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How to emmerse a Sword?

Discussion in 'Are you new to aquatic plants? Start here' started by shoggoth43, Jan 10, 2010.

  1. shoggoth43

    shoggoth43 Lifetime Charter Member
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    Ok, I'm bored and some of my swords are busy clogging the whole tank with plantlets.

    Since swords are bog plants I had this idea to take one or two into work and use them as desk plants. My first attempts have resulted in shriveled little husks of plant. I had initially planted them in some miracle grow organic and just flooded the pot to the top of the plant and let the water level drop over time.

    Does anyone have any good pointers on how to transition plants to emmersed growth for long periods or is this just a case of me not covering/misting them enough until they got established? Maybe there wasn't enough light? Maybe too many variables changing too quickly?

    -
    S
     
  2. over_stocked

    over_stocked Junior Poster

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    I am interested in this too. I have a new riparium setup and tried this twice with no luck. I misted 3 times a day. I guess the reality is that the heat is really drying out my house(tank is losing 2 gallons a day...).
     
  3. jonny_ftm

    jonny_ftm Guru Class Expert

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    It's only a case of moisture. You need constant above 70-80% humidity. Misting is a no go on the long run as they will develop mold. If you cover them (tropical terrarium), ventilation must be adequate and soil dry on surface to avoid mold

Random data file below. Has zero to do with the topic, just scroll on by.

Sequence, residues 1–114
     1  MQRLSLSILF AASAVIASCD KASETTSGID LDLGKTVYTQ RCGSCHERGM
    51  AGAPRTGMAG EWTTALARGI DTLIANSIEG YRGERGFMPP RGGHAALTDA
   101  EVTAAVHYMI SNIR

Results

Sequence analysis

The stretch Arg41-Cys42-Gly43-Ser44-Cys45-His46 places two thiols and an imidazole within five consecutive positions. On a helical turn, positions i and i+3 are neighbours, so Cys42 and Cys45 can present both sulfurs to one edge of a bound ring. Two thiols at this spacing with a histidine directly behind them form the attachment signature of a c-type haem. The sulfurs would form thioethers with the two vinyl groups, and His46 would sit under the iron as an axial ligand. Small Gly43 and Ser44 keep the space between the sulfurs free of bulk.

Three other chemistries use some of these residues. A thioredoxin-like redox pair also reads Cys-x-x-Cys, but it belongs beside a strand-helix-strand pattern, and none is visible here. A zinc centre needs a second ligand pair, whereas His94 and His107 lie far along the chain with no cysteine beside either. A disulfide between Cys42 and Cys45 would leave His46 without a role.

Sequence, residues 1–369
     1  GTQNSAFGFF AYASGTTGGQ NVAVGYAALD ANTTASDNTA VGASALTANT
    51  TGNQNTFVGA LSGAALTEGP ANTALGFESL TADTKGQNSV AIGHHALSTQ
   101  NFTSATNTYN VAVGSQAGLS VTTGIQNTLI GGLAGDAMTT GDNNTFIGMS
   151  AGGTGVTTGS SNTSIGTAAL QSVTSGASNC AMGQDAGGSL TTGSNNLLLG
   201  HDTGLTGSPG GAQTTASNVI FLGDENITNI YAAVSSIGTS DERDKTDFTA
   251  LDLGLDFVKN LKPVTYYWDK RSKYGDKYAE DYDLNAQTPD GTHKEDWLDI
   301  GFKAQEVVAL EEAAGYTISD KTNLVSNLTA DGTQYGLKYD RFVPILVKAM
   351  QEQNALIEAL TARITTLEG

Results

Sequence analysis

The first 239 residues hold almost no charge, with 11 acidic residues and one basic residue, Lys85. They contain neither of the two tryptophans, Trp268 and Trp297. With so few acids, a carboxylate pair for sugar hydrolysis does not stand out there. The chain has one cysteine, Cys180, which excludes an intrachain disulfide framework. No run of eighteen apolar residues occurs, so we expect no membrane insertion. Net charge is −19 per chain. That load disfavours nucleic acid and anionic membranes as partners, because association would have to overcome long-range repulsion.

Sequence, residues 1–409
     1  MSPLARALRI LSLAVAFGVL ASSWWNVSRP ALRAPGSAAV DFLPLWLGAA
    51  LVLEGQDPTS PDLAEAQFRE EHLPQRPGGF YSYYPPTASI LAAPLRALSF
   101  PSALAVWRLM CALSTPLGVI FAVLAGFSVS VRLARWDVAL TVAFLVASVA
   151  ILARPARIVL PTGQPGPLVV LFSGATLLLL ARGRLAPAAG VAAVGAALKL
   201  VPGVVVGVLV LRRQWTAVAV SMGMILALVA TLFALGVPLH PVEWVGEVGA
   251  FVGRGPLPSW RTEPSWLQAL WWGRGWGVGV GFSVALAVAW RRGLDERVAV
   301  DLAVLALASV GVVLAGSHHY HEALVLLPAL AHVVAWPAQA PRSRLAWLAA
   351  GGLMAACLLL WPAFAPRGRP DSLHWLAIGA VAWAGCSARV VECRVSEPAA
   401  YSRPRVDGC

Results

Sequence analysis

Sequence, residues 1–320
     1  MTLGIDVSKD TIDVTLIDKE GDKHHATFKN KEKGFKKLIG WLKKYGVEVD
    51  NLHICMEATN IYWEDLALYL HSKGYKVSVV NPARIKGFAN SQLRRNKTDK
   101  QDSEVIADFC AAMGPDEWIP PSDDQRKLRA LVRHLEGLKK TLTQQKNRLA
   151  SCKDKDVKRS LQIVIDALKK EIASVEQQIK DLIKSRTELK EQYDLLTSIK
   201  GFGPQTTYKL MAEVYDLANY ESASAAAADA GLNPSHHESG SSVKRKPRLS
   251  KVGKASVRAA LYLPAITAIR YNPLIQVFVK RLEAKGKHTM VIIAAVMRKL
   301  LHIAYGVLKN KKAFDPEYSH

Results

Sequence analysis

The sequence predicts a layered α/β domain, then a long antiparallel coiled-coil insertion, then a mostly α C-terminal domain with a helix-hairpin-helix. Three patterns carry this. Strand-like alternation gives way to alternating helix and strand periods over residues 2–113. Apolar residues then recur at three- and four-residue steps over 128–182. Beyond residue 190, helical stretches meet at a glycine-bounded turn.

They will grow just like emersed setup. Look here for "dry strat" or google "tropical planted terrarium"
     
  4. csmith

    csmith Guest

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    I'm currently doing micro swords. The heat is the biggest issue as far as I've seen. Nightly after the lights turn off I open the tops for 30-60 seconds to allow gas exchange and release the heat. I've actually been misting some areas of mine, but only those plants directly under the lights as they're the ones that dry out. Just keep an eye on it and you'll be fine. jonny_ftm's thread actually helped me out a lot.
     
  5. SuperColey1

    SuperColey1 Guru Class Expert

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    I don't bother with this water above the plant and let it fall. Neither do I expect mould from misting!!! If you have problems with mould or cyano when misting then just add 10 drops of pure tea tree oil to each litre of misting water (or if you have a 500ml spray mister bottle then 5 drops) It is antibacterial but also kills off mould.

    Swords are hard to do emersed. I had to spray several times a day and eventually got bored and gave up with them. They are so prolific within a tank that keeping 1 will mean a never ending crop.

    If you don't mist then they tend to dry out on several leaves so you end up with green centres and brown dead leaves on the outer. I kept them in standard under bed storage boxes with cheapest you can find compost filled water to the surface of the compost and HC, Lileopsis Braziliensis, moss, Crypts, Anubias, Ferns etc all in these boxes. Inside thehouse, under 14 hours of light. Everything does well with no misting at all except for the swords.

    AC
     
  6. jonny_ftm

    jonny_ftm Guru Class Expert

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    Using fongicids and other pests is really not necessary.
    Growing crypts and anubia inhouse, exposed to ambiant air, is a no go for most people living in 50% and less air humidity. I even doubt Anubia and crypts can grow with its roots in the air for a long time in anything under 60-70 ambiant humidity

    Chain swords grew with no issues (removed them because they were really invasive), without misting, with just a humidity above 80%
     
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